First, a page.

Imagine flying into a strange city, renting a car and trying to find your way around without a map. You might eventually reach your destination, but not without making some detours along the way.
This is exactly what you’re doing in your business if you don’t have a business plan. It’s your road map to business success, and without one, you’re in danger of missing the on-ramp.
To take the map analogy a little further: Your plan can be as simple as a hand-drawn map getting you from A to B, or an Atlas with detailed listings of all the points of interest along the way.
>> RELATED: Free Sample Business Plans
The point is, if you are thinking of starting your own business, taking the time to create a plan will help you to focus on the issues necessary for your success. And if your venture is already in operation, the plan can keep you focused and remind you of what’s important when you find yourself getting sidetracked.
What Does a Good Business Plan Do?
A good business plan:
Defines Your Venture
Describes your products and/or services, depicts your market, and details how you plan to do it (get your product to the market). Also pinpoints where you plan to do business (and why) and profiles the skills and experience key management (that’s you!) brings to the table.
Surveys the Business Environment
Shows how your business fits within the existing marketplace. Identifies your market’s needs and how you will fill them. Describes how you will be different (i.e., better) than competing businesses serving the same market or how you will be creating a new market.
Estimates Your Financials
Specifies your fixed costs and other expenses, lists assets and funding sources, projects revenues and cash flow and points out your risks.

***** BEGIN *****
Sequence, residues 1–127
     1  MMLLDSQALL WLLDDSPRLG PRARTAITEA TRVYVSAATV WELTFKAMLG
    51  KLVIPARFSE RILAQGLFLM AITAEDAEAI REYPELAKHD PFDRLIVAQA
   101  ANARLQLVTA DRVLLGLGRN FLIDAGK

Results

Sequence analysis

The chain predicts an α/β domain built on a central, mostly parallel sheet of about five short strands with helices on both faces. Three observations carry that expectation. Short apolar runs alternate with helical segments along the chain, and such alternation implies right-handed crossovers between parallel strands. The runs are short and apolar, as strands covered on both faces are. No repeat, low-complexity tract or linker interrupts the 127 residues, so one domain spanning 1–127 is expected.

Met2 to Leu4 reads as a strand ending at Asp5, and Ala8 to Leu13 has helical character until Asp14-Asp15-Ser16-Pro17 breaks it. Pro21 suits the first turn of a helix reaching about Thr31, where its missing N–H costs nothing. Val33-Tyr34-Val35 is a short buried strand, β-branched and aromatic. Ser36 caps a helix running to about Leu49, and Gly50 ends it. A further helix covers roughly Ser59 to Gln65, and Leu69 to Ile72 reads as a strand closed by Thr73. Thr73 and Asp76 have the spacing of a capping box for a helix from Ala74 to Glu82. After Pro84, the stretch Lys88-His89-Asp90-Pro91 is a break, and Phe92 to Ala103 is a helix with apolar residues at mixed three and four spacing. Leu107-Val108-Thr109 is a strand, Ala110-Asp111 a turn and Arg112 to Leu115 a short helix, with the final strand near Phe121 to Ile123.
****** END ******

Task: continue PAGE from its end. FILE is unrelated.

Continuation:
Writing your business plan is meant to be thought-provoking, but it need not be difficult — even if you also need it to obtain funding (and if you are planning to get a loan or grant, you *will* have to present a professionally written plan).
Resources on Business Plan
Fortunately, there are several sources — both offline and on the Web — to help guide you through the process:
Free Sample Business Plans
Check out PowerHomeBiz.com’s Free Sample Business Plans section for a listing of completed business plans for different industries and businesses.
My favorites are “Mompreneurs,” by Ellen H. Parlapiano and Patricia Cobe and “The Stay-at-Home Mom’s Guide to Making Money,” by Liz Folger. You can find both at your local library or bookstore or order from your favorite online book site. (Don’t let the focus on mothers prevent you from checking these out; both offer solid home business advice regardless of your parental status. Both include detailed worksheets that guide you through much of the process).
Don’t forget the U.S. government’s best small business friend, the SBA. They offer an online tutorial on the subject: http://www.sba.gov/tools/business-plan/1
Finally, both the SBA and SCORE are dedicated to helping new entrepreneurs get a leg up on their journey. They sponsor free and low-cost seminars on every aspect of small business start-ups. To see what’s being offered in your part of the country, check out http://www.sba.gov/
Hopefully, your entrepreneurial journey will be an adventure lasting many successful years, giving you plenty of opportunity to check your “roadmap” to see if you’re making your marks and revise your itinerary as needed. Just as maps are reissued as new roads are built and rivers change course, your business plan is a living, breathing document reflecting changes in the environment around you. Refer to often it along the way and you won’t get left behind!
Recommended Books and Products on Business Plans:
About the Author:
- Myths and Realities of Business Plans
- Basics of a Business Plan
- How to Raise Money to Finance a Franchise
- What is an Investor Ready Business Plan?
- Common Elements of Business Plans